BY GANJIKI D WAYNE
AS DEBATE ON reforms to our sex laws and other moral questions intensify, conversation often flows to Christianity and its application to our national legislative programs and social engineering projects.
Why should its precepts and principles be applied in shaping our society? Why should it have prominence over other religious or irreligious opinions? Why do we even call Papua New Guinea a “Christian country”?
Increasingly people question the merits of calling PNG a “Christian country”. Christian leaders often say our constitution declares PNG a “Christian country” so we must therefore adhere to Christian principles.
They are mistaken. Our constitution does not make such a declaration. However it does subscribe explicitly to Christian principles.
I’d like to put forward the following argument in light of the preamble to the constitution—our “Declaration of Independence”. What does it really say?
The preamble contains the “spirit” of the constitution and, by extension, the nation. In law, the spirit of a document is a significant aid to interpretation.
Without the letter the spirit is ineffective and dead; but without the spirit the letter is without ultimate meaning, without coherence and is vulnerable to abusive interpretation.
Whilst many argue on the “letter” of the constitution, few really understand its spirit.
Our founding fathers and the drafters of the constitution—after nationwide consultation and affirmation from the people—put into the preamble a pronouncement of certain fundamental beliefs and values that as a nation we would (or should) live by.
These foundations provide a coherent ethos for our nation. Such an ethos is necessary for our society to maintain some coherence and, dare I say, order.
Some of those principles include: the declaration of being “united as one nation”; the memory of our ancestors; the people-power basis for our democracy; the prominence of the dignity of the human being and community; the rejection of violence and encouragement of peaceful consensus; and hard work and equitable sharing of benefits for all.
These are but few of the foundation pillars set for our country. Among them, the preamble declares—in fact it pledges!—to “guard and pass on to those who come after us our noble traditions and the Christian principles that are ours now”.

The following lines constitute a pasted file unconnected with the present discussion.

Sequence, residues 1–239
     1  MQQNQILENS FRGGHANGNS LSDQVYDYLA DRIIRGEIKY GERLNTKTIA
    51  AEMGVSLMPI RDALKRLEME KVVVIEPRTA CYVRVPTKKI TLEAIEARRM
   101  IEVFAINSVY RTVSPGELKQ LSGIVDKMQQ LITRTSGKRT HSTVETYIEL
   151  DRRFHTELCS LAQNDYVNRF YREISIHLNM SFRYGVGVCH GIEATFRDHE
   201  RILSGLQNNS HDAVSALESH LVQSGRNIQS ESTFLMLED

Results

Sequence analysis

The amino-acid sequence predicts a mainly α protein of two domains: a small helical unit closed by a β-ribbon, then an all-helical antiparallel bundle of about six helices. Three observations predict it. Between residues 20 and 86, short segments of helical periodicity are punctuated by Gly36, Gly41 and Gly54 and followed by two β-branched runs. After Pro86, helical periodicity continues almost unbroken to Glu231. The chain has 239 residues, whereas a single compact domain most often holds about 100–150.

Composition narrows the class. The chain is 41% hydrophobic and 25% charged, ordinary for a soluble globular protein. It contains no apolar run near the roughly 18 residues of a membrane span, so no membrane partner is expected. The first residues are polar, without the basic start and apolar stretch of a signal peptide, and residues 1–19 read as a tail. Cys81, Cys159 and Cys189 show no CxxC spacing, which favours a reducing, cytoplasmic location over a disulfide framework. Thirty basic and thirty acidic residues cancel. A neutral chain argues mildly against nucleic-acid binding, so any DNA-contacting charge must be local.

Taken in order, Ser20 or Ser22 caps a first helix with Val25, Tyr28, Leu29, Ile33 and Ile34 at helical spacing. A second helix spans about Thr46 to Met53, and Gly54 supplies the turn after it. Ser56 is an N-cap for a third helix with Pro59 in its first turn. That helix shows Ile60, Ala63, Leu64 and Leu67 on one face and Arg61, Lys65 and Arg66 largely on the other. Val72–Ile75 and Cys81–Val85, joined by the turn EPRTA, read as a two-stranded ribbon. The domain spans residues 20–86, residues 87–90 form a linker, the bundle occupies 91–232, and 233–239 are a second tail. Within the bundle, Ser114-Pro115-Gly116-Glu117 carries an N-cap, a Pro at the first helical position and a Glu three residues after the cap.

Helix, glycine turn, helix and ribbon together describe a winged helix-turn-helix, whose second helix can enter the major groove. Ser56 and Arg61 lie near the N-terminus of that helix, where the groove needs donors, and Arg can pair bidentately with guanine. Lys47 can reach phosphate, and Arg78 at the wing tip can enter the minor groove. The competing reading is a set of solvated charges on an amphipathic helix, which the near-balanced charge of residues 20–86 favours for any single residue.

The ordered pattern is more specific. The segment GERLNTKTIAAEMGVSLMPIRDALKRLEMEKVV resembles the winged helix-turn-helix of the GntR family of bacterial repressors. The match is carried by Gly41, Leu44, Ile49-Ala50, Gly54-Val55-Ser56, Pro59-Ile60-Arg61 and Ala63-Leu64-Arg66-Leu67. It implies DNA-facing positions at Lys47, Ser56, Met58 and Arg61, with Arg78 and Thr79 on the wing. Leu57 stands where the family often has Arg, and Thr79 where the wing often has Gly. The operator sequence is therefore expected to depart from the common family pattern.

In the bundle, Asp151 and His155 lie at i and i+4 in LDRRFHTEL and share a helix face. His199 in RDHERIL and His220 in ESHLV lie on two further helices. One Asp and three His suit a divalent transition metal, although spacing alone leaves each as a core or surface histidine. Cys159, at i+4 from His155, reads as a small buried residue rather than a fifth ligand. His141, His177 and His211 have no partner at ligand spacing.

The writers included Christianity as a major facet for our national society. This has, through ignorance of the real wording of the preamble, been taken to mean that the constitution declares PNG to be a “Christian country”.
Perhaps it’s only a matter of argument whether it’s a declaration or not. But for me it’s quite clear. Our declaration lays down a pledge to do two things for the Christian worldview in PNG: to guard it and to pass it on.
Christian principles form part of the fundamental philosophical makeup of our nation, meant to permeate not only the private lives of us the citizens but every objective strategy we think up for progress as a nation.
As a people we are called by the supreme document of our land, to guard those Christian principles we had wisely adopted. So when challenged by philosophies and ideologies directly contradictory to those Christian principles, the Christian principles be given prominent consideration. That is our duty under the constitution.
And if our first basic social obligation (under that same preamble by the way) is anything to go by, we are called to “respect and act” in the spirit of the constitution. Notice it does not say we must respect and act according to the “letter” of the constitution.
Our writers knew the fallacy of leaning on the letter alone. We must be guided by that “spirit”—and therefore by extension the Christian principles.
For those naysayers who insist we are not a nation built on Christian principles, our constitution leaves no doubt (unlike the American declaration of independence which is not as explicit) that it is indeed part and parcel of our pillars.
And further reading of the writings of John Momis, Sir Michael Somare and the late Bernard Narakobi will confirm this explicit subscription to the Gospel of Christ. And to say otherwise would be to disagree with the spirit of the constitution...the same one that gives us the right to argue one way or the other.
Where there is a need for coherence in our society where shall we get it? Should we spin a bottle on every separate issue and apply that worldview to which it points; regardless of the contradiction and incoherence in society?
I contend that we need no such exercise. Our preamble—the spirit of our nation—provides such a coherence, it defines us sufficiently.
If we should look everywhere but there we may end up sufficiently confused, frustrated, without direction and without identity. And even if we gain so much ground yet we may effectively get nowhere.
God Bless Papua New Guinea.